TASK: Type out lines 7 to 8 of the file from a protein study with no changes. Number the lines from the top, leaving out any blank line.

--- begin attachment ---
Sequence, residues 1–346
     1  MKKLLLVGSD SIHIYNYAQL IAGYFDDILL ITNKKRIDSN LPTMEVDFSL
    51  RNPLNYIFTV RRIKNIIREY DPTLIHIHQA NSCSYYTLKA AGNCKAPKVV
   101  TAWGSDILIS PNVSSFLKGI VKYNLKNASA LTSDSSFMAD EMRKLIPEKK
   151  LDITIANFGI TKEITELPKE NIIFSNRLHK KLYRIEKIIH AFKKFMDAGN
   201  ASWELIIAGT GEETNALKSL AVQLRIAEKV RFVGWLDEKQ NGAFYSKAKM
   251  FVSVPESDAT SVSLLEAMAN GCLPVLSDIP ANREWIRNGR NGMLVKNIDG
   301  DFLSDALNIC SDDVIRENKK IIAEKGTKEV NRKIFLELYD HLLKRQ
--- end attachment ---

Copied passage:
   251  FVSVPESDAT SVSLLEAMAN GCLPVLSDIP ANREWIRNGR NGMLVKNIDG
   301  DFLSDALNIC SDDVIRENKK IIAEKGTKEV NRKIFLELYD HLLKRQ